“[I]t is obvious that the development in this country of two such powerful and unscrupulous and well-organized special interests [corporations and unions] has created a condition which the founders of the Republic never anticipated, and which demands as a counterpoise a more effective body of national opinion, and a more powerful organization of the national interests.” (p.131) In other words, a more powerful central government.
“The earlier homogeneity of American society has been impaired, and no authoritative and edifying, but conscious, social ideal has as yet taken its place.” (p.139)
The role of the central government is to enforce the “new ideal”
“No substantial progress had been made in the direction of reform until it began to be understood that here, also, a national responsibility existed, which demanded an exercise of the power of the central government…If reform does not and cannot mean restoration, it is bound to mean reconstruction.” (p.152) This is Croly’s call to, as candidate Barack Obama said before the 2008 election, “fundamentally transform America.”
“[T]he Jeffersonian policy of drift must be abandon…[T]here must be a vigorous and conscious assertion of the public as opposed to private and special interests, and that the American people must, to a greater extent that they have in the past, subordinate the latter to the former.” (p.153)
“[T]horoughly Jeffersonian individualism must be abandoned for the benefit of a genuinely individual and social consummation.” And that involves “the transformation of Hamiltonianism into a thoroughly democratic political principle.” (p.153)
Here’s how Croly characterizes opposition to the “new ideal”: “[I]t will seek still further to undermine the representative character of American institutions, to deprive official leadership of any genuine responsibility, and to cultivate individualism at the expenses of individual and national integrity.” (p.154)
The problem of “equal rights” is solved by government’s “constructive discrimination”
“Belief in the principle of equal rights does not bind, heal, and unify public opinion. Its effect rather is confusing, distract, and at worse, disintegrating.” (p.185)
“[I]n so far as the equal rights are freely exercised, they are bound to result in inequalities; and these inequalities are bound to make for their own perpetuation, and so to provoke further discrimination.” (p.189)
“The national government must step in and discriminate; but it must discriminate, not on behalf of liberty and the special individual, but on behalf of equality and the average man.” (p.190)
“If [government] remains impartial, it simply agrees to abide by the results of natural selection.” (p.193) In other words, individual liberty is a tacit default to a Darwinian society.
And in a sentence replete with the irony attendant to a progressive political philosophy that has contributed substantially to the formation of an asphalt plantation in America’s inner cities, Croly wrote: “The individuals constituting a democracy lack the first essential of individual freedom when they cannot escape from a condition of economic dependence.”(p.205)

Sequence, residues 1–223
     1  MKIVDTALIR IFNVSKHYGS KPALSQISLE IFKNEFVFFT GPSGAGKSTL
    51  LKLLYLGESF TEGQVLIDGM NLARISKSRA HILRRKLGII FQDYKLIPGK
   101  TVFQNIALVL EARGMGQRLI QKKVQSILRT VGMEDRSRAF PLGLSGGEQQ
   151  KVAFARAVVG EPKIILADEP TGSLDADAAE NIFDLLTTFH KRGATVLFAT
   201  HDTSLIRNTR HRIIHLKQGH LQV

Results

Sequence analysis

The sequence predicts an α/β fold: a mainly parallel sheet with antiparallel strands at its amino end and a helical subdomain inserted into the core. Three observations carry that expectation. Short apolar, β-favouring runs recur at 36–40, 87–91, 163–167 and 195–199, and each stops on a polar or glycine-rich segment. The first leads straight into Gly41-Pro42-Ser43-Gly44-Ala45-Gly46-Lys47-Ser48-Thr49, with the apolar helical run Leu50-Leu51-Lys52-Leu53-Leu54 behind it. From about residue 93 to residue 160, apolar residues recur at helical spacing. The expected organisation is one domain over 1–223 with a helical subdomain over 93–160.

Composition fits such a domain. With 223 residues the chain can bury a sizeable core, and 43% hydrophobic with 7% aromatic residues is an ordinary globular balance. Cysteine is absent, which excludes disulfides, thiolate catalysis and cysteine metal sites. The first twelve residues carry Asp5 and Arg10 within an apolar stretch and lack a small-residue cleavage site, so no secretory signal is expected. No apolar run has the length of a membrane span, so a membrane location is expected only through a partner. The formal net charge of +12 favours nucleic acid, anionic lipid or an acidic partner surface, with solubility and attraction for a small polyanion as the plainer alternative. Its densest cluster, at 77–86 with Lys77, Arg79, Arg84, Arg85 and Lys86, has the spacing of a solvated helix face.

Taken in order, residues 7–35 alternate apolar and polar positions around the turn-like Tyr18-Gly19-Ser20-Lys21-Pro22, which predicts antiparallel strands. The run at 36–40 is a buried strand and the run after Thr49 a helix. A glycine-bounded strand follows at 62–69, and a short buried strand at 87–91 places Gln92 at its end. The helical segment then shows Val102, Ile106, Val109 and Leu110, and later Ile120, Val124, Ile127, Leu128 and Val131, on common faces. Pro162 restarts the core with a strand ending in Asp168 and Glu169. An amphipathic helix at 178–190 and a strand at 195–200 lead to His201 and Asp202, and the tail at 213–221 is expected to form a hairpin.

The socialistic “transformation” of American democracy
“The proposed definition of democracy is socialistic if it is socialistic to consider democracy inseparable from a candid, patient, and courageous attempt to advance the social problem toward a satisfactory solution…There are two indispensable economic conditions of qualitative individual self-expression. One is the preservation of the institution of private property in some form, and the other is the radical transformation of its existing nature and influence.” (p.209)
The emancipation of individualism
“It is the economic individualism of our existing national system which inflicts the most serious damage on American individuality; and American individual achievement in politics and science and the arts will remain partially impoverish as long as our fellow-countrymen neglect or refuse systematically to regulate the distribution of wealth in the national interest.” (p.409)
The Solution: The “fruitful limitations upon traditional individual freedom”
“Economically and politically the need is for constructive regulation, implying the imposition of certain fruitful limitations upon traditional individual freedom. But the national intellectual development demands above all individual emancipation.” (p.421)
One-hundred and four years after The Promise of American Life was first published, the progressive ideology advocated by its author is in full American bloom.
POSTSCRIPT from Alexander Hamilton by Ron Chernow – Words from the real Hamilton
“George Washington Parke Custis, the President’s adopted grandson, told how Hamilton appeared at the presidential mansion after tendering his resignation. Washington’s staff was there when Hamilton smilingly entered. Congratulate me, my good friends,’ he announced, ‘for I am no longer a public man. The president has at length consented to accept my resignation and I am once more a private citizen.’ Hamilton, noting their dismay, explained, ‘I am not worth exceeding five hundred dollars in the world. My slender fortune and the best years of my life have been devoted to the service of my adopted country. A rising family hath its claims.’ Hamilton then picked up a slim volume on the table and turned it over in his hands, ‘Ah, this is the constitution,’ he said. ‘Now mark my words. So long as we are a young and virtuous people, this instrument will bind us together in mutual interests, mutual welfare, and mutual happiness. But when we become old and corrupt, it will bind us no longer.’” (pp. 483-484)